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Babylon Health

Learn more about our AI

Our AI, developed by our team of research scientists, engineers, and healthcare professionals, is a suite of AI tools designed around a doctor’s brain to provide accessible healthcare for millions. A number of these tools are modular, so they can be standalone and used in isolation, or combined to suit different requirements.

We’re working with partners, from governments and foundations, to businesses and pharmaceuticals, to tech companies and telcos — tailoring our platform to meet their specific needs.

What our AI does

We’ve designed our AI tools to empower people with knowledge of their health, with the goal of relieving pressure on clinicians.


Our AI can efficiently read, comprehend, and learn from anonymized, aggregated, and medical datasets—when patients give consent for us to use their health information.

AI icon of gears in a head representing Babylon's triage system for analyzing symptoms and suggesting treatment.


It can use data in order to decide on, and provide information about, the likely causes for people’s symptoms. It then suggests possible next steps, including treatment information. It can let you know about general risks for certain conditions, when comparing user-inputted information and generally available data.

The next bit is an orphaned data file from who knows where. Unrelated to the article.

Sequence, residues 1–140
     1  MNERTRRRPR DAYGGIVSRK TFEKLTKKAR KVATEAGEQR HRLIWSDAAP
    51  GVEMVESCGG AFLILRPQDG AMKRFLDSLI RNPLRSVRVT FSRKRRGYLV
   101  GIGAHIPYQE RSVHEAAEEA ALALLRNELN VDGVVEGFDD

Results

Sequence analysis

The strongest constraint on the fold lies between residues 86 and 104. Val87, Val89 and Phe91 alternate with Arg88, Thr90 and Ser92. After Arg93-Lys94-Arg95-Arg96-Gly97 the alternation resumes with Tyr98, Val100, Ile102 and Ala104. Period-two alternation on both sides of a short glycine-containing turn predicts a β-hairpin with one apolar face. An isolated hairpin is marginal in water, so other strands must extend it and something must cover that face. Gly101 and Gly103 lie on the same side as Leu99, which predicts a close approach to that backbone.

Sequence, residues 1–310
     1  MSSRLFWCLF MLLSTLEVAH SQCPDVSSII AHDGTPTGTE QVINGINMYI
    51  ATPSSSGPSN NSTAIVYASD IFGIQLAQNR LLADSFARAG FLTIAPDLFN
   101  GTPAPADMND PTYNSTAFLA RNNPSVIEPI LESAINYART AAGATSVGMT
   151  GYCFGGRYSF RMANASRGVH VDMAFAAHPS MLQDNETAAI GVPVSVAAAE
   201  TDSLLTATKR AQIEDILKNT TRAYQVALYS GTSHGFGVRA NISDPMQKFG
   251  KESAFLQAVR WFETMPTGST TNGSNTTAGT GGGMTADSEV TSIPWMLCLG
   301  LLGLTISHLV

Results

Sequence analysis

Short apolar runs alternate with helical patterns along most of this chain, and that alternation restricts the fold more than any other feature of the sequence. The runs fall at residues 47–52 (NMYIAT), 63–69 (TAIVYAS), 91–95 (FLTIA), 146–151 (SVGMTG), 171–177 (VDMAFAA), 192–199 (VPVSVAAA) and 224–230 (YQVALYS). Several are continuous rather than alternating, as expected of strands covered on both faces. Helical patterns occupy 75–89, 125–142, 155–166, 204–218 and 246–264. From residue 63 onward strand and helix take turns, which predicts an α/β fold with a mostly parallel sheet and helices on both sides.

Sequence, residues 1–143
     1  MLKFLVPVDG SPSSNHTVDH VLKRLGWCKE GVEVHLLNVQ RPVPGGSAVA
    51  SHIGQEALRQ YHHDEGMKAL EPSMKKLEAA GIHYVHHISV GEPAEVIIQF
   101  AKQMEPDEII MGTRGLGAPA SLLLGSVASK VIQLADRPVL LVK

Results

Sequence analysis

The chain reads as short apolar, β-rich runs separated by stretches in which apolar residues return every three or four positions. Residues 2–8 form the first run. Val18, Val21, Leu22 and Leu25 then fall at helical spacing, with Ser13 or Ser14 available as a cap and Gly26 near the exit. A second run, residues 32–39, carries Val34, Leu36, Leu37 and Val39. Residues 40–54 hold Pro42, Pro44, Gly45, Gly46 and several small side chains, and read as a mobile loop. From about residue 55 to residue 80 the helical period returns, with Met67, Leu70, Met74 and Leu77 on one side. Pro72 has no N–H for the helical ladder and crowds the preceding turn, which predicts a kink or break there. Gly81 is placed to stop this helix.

How it works

Our AI revolves around four main parts - the knowledge base, the comprehensive health record, the probabilistic graphical model.

Knowledge base

Central to our AI is a form of digital encyclopedia of medicine (our knowledge base) that contains the definitions, characteristics and relationships of certain diseases, symptoms and treatments. It contextualizes this information with a graphical representation that shows the relationships between the medical components.

The comprehensive health record

This holds all of the available information about our individual users, when they give consent for us to use their health information. The record includes their medical history and consented data gathered through interacting with Babylon. It helps us make connections between users and different types of conditions, and their likely progressions over time when compared against generally available data.

Probabilistic graphical model

This uses the knowledge from our digital encyclopedia, combined with all the data to test different models about certain illnesses. It helps identify conditions which may match the information entered. A similar approach is also used to predict disease risks over the next five years when compared against generally available data.


Simulations are used to estimate ‘what-if’ scenarios, to predict what happens if people continue their routines for diet, exercise, sleep, and stress. It helps users understand the impact of their actions and helps us develop optimized care plans for them.

We’re part of the community

We contribute to the AI community by publishing papers, speaking at conferences and open-sourcing some of our work for the benefit of all.

Estimating Mutual Information Between Dense Word Embeddings

Vitalii Zhelezniak, Aleksandar Savkov, April Shen, Nils Hammerla

Hybrid Reasoning Over Large Knowledge Bases Using On-The-Fly Knowledge Extraction

Stoilos, Giorgos and Juric, Damir and Wartak, Szymon and Schulz, Claudia and Khodadadi, Mohammad